2) State Department
Rex Tillerson to Visit the Gulf. On October 19 it was announced that Secretary of State Rex Tillerson will be visiting, among other countries, Saudi Arabia and Qatar during his upcoming trip. In Saudi Arabia, Tillerson will meet with Saudi officials and participate in the first Coordination Council meeting between the Saudis and the Iraqis. Additionally, he intends to speak with Saudi officials about the ongoing GCC crisis, the war in Yemen, and other developments in the region. While in Doha, Tillerson will meet with Qatari officials to discuss bilateral areas of interest like counterterrorism, but he will also speak with them about the intra-GCC conflicts.
Keynote Address by Deputy Assistant Secretary for Iraq. On October 18, Joseph Pennington, the administration’s Deputy Assistant Secretary for Iraq, gave a keynote address at the Middle East Institute’s half-day conference on Iraq. Pennington outlined the administration’s interests in and policies toward Iraq. At the center of the administration’s policies is the desire to see a stable, unified, and functioning Iraqi state with an inclusive, democratic government. To reach that point, he said the White House wants to eradicate what is left of the Islamic State, roll back Iran’s influence in the country’s affairs, and usher in a post-sectarian governing strategy that fosters political inclusion. The United States, Pennington said, is focusing on building up Iraq’s economic and political institutions to reach these goals.
3) Other Executive Branch Officials
UN Ambassador Haley Ups the Tough Talk on Iran. During a meeting of the United Nations Security Council this week about the Middle East, including the Israel-Palestine conflict, Ambassador Nikki Haley took her time to pillory Iran and urge the council to adopt President Trump’s new strategy toward the Islamic Republic. Haley, like Israel’s representative to the meeting, called on the UNSC to implement resolutions against Iran in full and reform its approach toward Iran more generally. The off-topic nature of Haley’s discussion of Iran was not lost on some of the members of the council. The Russian representative said it was “sad” that the United States decided to ignore the topic of the agenda.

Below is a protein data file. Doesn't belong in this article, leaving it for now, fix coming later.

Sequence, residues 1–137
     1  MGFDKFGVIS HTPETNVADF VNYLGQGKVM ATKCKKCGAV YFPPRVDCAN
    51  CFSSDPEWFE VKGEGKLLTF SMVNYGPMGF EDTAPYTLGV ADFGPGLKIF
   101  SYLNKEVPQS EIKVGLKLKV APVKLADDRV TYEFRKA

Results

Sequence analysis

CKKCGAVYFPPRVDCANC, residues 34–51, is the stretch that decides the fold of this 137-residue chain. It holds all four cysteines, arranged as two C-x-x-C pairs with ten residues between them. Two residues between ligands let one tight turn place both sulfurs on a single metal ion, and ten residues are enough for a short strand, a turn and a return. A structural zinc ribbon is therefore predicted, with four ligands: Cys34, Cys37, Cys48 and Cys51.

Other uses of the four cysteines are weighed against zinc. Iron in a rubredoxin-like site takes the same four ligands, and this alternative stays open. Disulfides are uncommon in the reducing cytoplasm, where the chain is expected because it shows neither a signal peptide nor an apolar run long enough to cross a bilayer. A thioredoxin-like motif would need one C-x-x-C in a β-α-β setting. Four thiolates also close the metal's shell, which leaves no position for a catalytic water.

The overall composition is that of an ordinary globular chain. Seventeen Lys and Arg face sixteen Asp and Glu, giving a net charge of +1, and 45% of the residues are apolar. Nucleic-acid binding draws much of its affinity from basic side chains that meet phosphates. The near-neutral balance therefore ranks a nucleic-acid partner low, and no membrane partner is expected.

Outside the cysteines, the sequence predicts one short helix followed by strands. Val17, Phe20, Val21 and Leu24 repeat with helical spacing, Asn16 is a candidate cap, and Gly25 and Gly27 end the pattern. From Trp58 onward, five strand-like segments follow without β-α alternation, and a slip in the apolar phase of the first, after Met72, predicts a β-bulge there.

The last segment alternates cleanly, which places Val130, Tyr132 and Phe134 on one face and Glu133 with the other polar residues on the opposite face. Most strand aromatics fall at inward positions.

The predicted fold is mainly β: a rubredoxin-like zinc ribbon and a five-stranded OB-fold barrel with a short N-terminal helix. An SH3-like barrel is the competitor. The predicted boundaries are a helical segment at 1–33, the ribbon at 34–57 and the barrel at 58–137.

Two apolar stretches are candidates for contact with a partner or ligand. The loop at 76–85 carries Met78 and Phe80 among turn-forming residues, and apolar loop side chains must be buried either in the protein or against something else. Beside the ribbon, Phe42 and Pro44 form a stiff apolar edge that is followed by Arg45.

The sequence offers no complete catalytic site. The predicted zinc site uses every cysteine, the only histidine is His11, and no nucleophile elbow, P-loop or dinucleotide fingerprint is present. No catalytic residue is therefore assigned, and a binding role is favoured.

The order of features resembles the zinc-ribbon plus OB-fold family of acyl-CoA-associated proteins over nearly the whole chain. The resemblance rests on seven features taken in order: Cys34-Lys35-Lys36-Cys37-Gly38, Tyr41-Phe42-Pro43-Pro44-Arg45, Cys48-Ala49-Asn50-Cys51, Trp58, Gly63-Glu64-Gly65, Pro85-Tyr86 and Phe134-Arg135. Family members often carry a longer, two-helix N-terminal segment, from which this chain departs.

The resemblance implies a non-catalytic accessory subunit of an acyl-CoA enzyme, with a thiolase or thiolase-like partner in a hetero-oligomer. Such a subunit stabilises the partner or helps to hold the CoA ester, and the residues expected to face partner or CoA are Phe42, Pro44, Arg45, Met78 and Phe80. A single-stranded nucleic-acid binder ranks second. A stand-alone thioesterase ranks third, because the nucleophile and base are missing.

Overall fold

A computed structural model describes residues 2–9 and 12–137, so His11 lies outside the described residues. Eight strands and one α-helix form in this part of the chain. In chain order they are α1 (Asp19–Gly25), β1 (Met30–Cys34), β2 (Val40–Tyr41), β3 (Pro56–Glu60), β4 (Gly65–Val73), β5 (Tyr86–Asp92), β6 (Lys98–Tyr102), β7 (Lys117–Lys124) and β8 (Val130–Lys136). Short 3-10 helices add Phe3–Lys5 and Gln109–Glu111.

CIA Director Pompeo Talks National Security. On October 19, Director of the Central Intelligence Agency (CIA) Mike Pompeo preceded H.R. McMaster at FDD’s national security summit. Like McMaster, Pompeo spent most of his time lauding the administration’s new strategy towards Iran. Most notably, Pompeo admitted that the Iran nuclear deal does, in fact, have some benefits, albeit limited ones. Additionally, Pompeo said that his agency is looking to combat the strategic alliance Iran has purportedly crafted with al-Qaeda. He stated that in the future, the National Security Agency will release documents about the raid in Abbottabad, Pakistan, which resulted in the death of al-Qaeda’s leader, Osama bin Laden. These documents will supposedly support his assertion that Iran and al-Qaeda have, at times, at least coordinated their actions in order to avoid clashing.
III. Judiciary Branch
Trump’s Travel Ban Put on Hold…Again. This week, two separate federal judges placed holds on the president’s newest executive order on immigration and travel to the United States. The order was set to take effect on October 18, but judges in Hawaii and Maryland ruled that the legal challenges would likely be successful, therefore implementation of the order should be postponed. Both judges limited their rulings to the citizens of the six Muslim-majority states included in the ban, arguing that the same underlying flaws that scuttled the previous bans remain. The Department of Justice has moved to appeal both rulings.
US Companies Accused of Funding Terror. In a Washington, DC federal court this week, three US companies are facing a lawsuit accusing them of funding terrorist activities in Iraq between 2005 and 2009. The plaintiffs in the case—totaling almost 100—say that the three companies provided free medication and medical equipment to the Iraqi government, which then used the goods as a source of revenue for Shia militias that carried out deadly attacks against US soldiers. As the argument goes, the companies must have known that the Iraqi Ministry of Health—which was turning over excess goods to groups like the Jaysh al-Mahdi—was a de facto terrorist group. The companies deny any wrongdoing.